Following a diagnosis, anyone would be eager – even desperate – to get answers. What is Parkinson’s disease? While the simple answer is that this is a disease affecting the central nervous system, practical answers are a bit more complicated. How Parkinson’s disease will affect one patient versus another also leads to a number of possible answers.
Returning to the simple description, however, this degenerative disease means that particular cells are dying in one section of the brain, usually affecting body movements, whether noticeable as a tremor or in difficulty speaking or swallowing, or more hidden as in a patient’s digestive system not functioning properly. Whatever the symptoms of Parkinson’s disease, there are two constants. First, it is common. Alzheimer’s disease may be the most common neurodegenerative disease, but Parkinson’s disease is second. According to the National Parkinson Foundation, 50,000 to 60,000 new cases are diagnosed annually in the U.S. alone, with roughly a million Americans diagnosed with Parkinson’s disease at any one time. Second, there are treatment options. The medical community has been looking at this disease since long before it had its current name. And while some treatments exist to counteract the progressive symptoms, research continues. The National Institutes of Health , for example, funded nearly $100 million in Parkinson’s disease research in fiscal year 2011.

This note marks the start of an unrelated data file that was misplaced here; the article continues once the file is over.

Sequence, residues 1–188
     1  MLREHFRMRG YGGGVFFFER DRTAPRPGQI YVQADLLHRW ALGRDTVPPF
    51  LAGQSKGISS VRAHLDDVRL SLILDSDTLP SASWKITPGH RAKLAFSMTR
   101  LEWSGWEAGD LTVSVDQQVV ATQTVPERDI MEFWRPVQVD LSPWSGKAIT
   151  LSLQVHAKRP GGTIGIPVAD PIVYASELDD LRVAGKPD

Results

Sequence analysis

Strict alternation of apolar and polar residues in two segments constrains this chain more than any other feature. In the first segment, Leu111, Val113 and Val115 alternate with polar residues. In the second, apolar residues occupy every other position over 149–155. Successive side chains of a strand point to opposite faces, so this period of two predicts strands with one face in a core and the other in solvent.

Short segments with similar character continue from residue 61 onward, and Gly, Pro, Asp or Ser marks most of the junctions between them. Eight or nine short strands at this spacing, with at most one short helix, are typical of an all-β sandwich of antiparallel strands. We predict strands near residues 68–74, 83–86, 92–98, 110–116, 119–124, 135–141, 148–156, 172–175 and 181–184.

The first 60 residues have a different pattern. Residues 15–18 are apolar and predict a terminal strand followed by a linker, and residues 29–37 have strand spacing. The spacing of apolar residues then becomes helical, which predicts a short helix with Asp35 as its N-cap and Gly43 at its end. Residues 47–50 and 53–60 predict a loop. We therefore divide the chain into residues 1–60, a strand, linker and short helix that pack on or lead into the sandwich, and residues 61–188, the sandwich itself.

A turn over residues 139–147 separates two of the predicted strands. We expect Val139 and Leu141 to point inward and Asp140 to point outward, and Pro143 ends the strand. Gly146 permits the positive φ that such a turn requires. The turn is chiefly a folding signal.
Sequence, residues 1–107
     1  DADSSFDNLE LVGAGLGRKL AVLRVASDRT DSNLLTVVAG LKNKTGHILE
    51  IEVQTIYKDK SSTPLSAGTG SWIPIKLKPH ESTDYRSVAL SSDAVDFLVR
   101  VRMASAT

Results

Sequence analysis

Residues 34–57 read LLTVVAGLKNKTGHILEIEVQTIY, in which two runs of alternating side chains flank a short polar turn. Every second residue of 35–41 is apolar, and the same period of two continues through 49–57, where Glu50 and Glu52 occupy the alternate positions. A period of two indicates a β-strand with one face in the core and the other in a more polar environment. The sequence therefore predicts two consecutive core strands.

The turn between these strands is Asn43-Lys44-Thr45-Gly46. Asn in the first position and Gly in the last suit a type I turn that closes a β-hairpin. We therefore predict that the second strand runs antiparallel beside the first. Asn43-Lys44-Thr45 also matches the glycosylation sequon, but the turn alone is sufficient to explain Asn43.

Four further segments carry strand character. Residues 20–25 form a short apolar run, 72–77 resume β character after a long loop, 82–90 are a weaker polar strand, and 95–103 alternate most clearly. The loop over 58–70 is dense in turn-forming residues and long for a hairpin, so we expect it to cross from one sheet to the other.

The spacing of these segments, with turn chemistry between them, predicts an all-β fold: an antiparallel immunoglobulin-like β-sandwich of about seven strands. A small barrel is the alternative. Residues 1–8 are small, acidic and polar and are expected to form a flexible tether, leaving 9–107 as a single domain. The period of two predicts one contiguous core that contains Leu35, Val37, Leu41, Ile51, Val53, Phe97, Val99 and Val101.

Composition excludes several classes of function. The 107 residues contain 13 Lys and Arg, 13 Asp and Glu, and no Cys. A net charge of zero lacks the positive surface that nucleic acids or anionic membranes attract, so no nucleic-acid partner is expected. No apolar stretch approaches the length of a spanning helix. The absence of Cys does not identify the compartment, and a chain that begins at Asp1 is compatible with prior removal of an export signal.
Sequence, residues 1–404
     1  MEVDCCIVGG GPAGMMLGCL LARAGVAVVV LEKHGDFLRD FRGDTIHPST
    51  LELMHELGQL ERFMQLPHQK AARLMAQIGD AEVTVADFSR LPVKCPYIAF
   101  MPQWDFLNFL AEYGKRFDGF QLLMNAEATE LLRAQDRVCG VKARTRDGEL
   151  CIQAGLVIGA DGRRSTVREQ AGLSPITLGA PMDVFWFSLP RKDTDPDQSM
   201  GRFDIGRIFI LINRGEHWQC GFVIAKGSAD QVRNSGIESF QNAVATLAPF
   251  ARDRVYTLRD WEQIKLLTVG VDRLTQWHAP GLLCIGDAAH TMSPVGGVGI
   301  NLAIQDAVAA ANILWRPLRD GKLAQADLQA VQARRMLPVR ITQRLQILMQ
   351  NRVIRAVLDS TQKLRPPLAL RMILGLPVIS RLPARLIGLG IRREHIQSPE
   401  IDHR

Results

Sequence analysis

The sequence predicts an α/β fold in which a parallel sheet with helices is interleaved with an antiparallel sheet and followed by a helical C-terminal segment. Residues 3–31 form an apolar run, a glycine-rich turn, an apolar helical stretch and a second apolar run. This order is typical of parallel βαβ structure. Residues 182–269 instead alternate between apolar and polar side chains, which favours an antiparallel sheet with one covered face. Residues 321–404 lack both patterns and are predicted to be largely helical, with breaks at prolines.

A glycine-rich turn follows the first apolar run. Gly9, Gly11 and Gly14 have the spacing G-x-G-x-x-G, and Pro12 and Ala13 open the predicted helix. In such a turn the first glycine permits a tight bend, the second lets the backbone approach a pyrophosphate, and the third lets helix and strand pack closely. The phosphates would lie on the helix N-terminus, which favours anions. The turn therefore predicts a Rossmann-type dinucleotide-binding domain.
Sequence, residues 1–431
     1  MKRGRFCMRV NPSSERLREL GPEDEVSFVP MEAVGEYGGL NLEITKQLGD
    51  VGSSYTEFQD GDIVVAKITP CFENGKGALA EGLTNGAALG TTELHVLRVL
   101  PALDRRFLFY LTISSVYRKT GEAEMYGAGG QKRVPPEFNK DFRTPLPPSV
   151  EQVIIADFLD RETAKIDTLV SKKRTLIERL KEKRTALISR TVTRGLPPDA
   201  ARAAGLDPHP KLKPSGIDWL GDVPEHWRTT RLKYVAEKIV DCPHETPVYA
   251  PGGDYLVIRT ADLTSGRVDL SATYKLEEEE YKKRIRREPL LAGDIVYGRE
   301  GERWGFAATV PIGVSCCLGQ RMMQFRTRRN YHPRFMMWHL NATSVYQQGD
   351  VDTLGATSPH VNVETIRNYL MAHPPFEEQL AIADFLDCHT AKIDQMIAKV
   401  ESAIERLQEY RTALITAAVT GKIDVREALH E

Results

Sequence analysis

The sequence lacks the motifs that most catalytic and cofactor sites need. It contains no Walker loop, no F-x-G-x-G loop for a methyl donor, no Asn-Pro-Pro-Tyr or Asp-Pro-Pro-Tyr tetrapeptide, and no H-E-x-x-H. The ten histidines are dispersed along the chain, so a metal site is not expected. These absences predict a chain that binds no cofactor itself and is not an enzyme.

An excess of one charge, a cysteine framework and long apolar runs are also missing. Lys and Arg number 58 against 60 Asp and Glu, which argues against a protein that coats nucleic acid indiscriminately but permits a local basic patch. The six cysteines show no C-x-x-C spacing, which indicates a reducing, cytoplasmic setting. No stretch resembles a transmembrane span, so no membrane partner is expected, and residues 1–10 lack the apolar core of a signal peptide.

While treatment follows diagnosis, so too should long-term preparations to best maintain quality of life. Looking at Parkinson’s disease not as an ailment affecting a large population or in terms of research dollars, Parkinson’s is a disease that each person with the disease needs to examine closely with her loved ones and medical providers. At the personal level, Parkinson’s disease can take a serious toll on quality of life. As the researchers make progress and statisticians look at the big picture, an individual’s responsibility after diagnosis is to prepare for the disease to progress. There may be many unknowns, with the disease progressing differently in different patients, some being more responsive to treatment than others, etc.
So, do the research. Become fluent in the various nutritional considerations of Parkinson’s disease. Develop relationships with specialists who can help you cope with the disease, from doctors and physiotherapists, to counselors and dieticians. Establish your support network, knowing whom you may rely upon as caregivers, whether family, friends or professionals. It’s true that Parkinson’s will likely add some rough weather to your journey. But it’s far easier to prepare for those storms while you’re still sailing.